their eyes.

About this time, all the women of the camp had their feet, and the ends of their fingers, stained of a dark saffron colour.


VOL. 1.

I could never ascertain whether this was done from motives of religion, or by way of ornament. The curiosity of the Moorish ladies had been very troublesome to me ever since my arrival at Benowm.; and on the evening of the 25th (whether from the instigation of others, or impelled by their own ungovernable curiosity, or merely out of frolic, I cannot affirm) a party of them came into my hut, and gave me plainly to understand that the object of their visit was to ascertain, by actual inspection, whether the rite of circumcision extended to the Nazarenes, (Christians,) as well as to the followers of Mahomet. The reader will easily judge of my surprise at this unexpected declaration; and in order to avoid the proposed scrutiny, I thought it best to treat the business jocularly. I observed to them, that it was not customary in my country to give ocular demonstration in such cases, before so many beautiful women; but that if all of them would retire, except the young lady to whom I pointed (selecting the youngest and handsomest), I would satisfy her curiosity. The ladies enjoyed the jest, and went away laughing heartily; and the young damsel herself to whom I had given the preference (though she did not avail herself of the privilege of inspection), seemed no way displeased at the compliment; for she soon afterwards sent me some meal and milk for my supper.

March 28th. This morning a large herd of cattle arrived from the eastward ; and one of the drivers, to whom Ali bad lent my horse, came into my hut with the leg of an antelope as a present, and told me that my horse was standing before Ali's tent. In a little time Ali sent one of his slaves to inform me, that, in the afternoon, I must be in readiness to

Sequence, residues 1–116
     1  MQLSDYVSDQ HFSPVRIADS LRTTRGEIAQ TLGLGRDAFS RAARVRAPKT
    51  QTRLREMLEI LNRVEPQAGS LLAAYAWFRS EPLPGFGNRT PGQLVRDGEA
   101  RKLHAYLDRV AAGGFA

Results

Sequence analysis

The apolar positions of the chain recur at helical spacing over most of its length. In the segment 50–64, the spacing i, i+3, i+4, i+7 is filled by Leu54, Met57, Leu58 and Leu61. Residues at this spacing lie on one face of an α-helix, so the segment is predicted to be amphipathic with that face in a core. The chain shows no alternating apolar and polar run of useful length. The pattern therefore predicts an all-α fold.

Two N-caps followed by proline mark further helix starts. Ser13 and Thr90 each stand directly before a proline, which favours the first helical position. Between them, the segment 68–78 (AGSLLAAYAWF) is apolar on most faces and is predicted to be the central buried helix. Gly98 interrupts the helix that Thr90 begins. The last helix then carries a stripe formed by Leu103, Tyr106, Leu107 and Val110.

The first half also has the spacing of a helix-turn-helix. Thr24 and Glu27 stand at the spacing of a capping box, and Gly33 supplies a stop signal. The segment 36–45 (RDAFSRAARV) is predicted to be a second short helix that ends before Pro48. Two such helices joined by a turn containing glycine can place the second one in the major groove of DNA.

ride out with him, as he intended to shew me to some of his women,

About four o'clock, Ali, with six of his courtiers, came riding to my but, and told me to follow them. I readily complied. But here a new difficulty occurred; the Moors, accustomed to a loose and easy dress, could not reconcile themselves to the appearance of my nankeen breeches, which they said were not only inelegant, but, on account of their tightness, very indecent; and as this was a visit to ladies, Ali ordered my boy to bring out the loose cloak which I had always worn since my arrival at Benowm, and told me to wrap it close round me. We visited the tents of four different ladies, at every one of which I was presented with a bowl of milk and water. All these ladies were remarkably corpulent, which is considered here as the highest mark of beauty. They were very inquisitive, and examined my hair and skin with great attention ; but affected to consider me as a sort of inferior being to themselves, and would knit their brows, and seem to shudder, when they looked at the whiteness of my skin. In the course of this evening's excursion, my dress and appearance afforded infinite mirth to the company, who galloped round me as if they were baiting a wild animal; twirling their muskets round their heads, and exhibiting various feats of activity and horsemanship, seemingly to display their superior prowess over a miserable captive.